All posts by meganimals17

Comment on More than just a pile of bones by meganimals17

I agree that the human race was destined to prevail no matter what, but I do not agree with Dunn’s general reason for it. His claim is bold and intriguing, but he does not go on to support why we magically became top dog. I see your point that genetically, we as humans have many advantages, but I do not feel that Dunn supports his theory with that as well. We each have personal beliefs about how humans became the dominant species, and I wish Dunn would have gone further in describing and supporting his. Overall though, he is a respectable writer and brings up important issues.

Comment on Postdomesticity: Making up your own word doesn’t mean you should write a book about it by meganimals17

I concur about this book being somewhat difficult to follow. My post reflected on it as a very abstract history lesson, linking (somewhat mindlessly) the domestication of animals to human sexuality and violence. While he does support his claims with various examples of the time periods (hence my history lesson title), he could be throwing around claims he has either assumed or completely made up. I think it’s accurate, genius, and hilarious that you pointed out his basing an entire novel off a term he coined himself. While reading it, I felt skeptical of his overgeneralized claims that the level of domesticity accounts for the sexual preferences of society. He brings up interesting and unique points, but I too had to keep re-reading until I finally got what he was trying to say. He also failed to include specific dates, such as when he described Utopia, and I would really like to know exactly where he gets his information from. I have probably never heard of some of these periods, such as the one of open bestiality, due to the taboo nature of the topic, but I do not understand how he seems to know the sexual history of society. Furthermore, he does not always define which area of the world he is referring to; did the whole world act this way? He will say things like the farmers of “blank,” but what about everywhere else? I liked the beginning of the first chapter when he referred to specific time periods readers are familiar with, such as the late 60′s (1969 to be exact), but he becomes more ambiguous and complex after those first few paragraphs. Do not think I don’t find this book interesting or insightful, I just agree that SOME of his claims are a little shady and pretty overgeneralized.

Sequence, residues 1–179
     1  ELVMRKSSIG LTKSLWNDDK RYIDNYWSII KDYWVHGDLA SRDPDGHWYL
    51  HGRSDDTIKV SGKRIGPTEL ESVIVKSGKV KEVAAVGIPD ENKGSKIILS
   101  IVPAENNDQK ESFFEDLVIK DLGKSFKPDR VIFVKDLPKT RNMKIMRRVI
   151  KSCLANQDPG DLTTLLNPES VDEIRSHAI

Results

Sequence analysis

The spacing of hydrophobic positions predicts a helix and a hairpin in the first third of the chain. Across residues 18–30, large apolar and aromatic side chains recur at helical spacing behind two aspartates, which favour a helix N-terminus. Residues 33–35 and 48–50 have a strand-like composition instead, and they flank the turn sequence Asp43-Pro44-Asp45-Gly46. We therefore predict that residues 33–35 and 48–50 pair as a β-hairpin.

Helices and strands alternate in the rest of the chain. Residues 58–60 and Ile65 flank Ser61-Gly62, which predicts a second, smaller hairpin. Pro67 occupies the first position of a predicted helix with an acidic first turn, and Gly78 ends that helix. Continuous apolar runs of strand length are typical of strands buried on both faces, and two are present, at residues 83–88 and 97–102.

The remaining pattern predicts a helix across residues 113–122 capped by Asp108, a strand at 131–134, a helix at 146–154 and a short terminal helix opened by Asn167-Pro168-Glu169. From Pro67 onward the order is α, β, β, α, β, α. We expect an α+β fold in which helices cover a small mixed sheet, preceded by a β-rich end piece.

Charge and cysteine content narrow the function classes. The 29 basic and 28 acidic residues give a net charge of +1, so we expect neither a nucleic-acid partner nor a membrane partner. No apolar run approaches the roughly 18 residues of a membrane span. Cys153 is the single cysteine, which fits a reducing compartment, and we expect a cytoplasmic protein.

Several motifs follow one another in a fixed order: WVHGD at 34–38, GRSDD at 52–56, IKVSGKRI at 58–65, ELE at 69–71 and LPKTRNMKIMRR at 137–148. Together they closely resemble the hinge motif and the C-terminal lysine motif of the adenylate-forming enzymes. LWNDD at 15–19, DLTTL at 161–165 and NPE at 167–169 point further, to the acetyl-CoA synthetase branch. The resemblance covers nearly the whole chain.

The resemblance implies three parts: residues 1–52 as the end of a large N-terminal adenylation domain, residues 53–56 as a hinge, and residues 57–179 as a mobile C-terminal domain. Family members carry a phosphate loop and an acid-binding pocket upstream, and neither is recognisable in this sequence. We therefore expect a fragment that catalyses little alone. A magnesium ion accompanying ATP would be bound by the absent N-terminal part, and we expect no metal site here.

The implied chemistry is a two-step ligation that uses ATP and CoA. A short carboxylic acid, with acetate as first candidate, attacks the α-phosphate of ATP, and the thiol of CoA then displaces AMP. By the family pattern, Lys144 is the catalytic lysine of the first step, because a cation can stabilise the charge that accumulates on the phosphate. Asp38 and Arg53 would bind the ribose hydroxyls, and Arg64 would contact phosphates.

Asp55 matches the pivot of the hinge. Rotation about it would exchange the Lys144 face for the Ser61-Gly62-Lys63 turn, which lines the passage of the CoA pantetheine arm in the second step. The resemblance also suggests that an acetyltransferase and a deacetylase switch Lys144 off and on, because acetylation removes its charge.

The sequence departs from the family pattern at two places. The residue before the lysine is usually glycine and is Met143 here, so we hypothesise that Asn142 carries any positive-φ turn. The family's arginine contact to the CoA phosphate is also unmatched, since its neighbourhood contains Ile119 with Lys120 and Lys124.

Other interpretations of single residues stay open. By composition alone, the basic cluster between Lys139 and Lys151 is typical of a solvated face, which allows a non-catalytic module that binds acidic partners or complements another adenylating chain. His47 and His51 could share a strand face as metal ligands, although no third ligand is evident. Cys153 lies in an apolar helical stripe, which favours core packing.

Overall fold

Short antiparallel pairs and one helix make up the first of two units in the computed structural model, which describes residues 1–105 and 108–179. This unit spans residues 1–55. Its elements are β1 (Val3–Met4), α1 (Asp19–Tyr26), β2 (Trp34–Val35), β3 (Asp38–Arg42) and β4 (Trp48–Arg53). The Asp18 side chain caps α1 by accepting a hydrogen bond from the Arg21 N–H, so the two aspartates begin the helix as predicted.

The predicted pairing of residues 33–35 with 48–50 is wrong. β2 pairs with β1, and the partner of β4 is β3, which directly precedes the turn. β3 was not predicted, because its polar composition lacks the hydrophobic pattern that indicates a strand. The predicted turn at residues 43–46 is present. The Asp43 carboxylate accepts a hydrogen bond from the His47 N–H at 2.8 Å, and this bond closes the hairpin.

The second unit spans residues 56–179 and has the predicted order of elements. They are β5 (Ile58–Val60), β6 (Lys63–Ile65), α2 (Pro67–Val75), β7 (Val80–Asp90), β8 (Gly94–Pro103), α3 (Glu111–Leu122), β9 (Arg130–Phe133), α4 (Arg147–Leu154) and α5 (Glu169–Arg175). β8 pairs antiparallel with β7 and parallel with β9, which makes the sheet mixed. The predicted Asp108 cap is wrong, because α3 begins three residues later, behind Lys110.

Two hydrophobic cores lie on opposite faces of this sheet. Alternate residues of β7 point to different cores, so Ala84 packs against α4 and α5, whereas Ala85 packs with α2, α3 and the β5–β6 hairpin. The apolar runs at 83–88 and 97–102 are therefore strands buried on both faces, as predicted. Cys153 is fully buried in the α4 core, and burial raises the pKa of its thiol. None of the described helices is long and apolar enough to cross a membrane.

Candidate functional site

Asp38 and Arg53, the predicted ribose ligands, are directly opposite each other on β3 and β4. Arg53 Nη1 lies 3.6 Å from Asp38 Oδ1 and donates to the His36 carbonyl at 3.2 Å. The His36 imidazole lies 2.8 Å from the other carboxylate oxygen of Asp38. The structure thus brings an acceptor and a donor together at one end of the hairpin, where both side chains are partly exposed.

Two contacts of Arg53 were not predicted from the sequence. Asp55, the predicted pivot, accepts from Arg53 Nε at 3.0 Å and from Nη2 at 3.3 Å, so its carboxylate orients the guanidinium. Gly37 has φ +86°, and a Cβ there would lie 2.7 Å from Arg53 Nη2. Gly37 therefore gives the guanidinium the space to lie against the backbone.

Comment on Hunters, Herders, and Hamburgers… A unique and intriguing, but somewhat uncomfortable history lesson by meganimals17

I see your point that for the time period specifically, that viewpoint on slavery would not seem adverse or uncommon. However, I still am baffled by the concept of slavery at all and just wanted to point out an example of the mentality behind slavery. That slightly makes a difference that some of the slaves were in fact criminals, that was a really good point, and I will look further into that!
I agree that there have to be a multitude of factors contributing to the replacement of blatant animal sex with an increase in fantasized sex. He makes some valid statements that support his argument well, but the extent to which he attributes the domestication of animals to social normalcies is a bit excessive. Many factors such as the type of government, the type of labor (which he somewhat mentions), the level of schooling, the extent of religious beliefs, etc. would most likely contribute largely to the sexual trends of the time period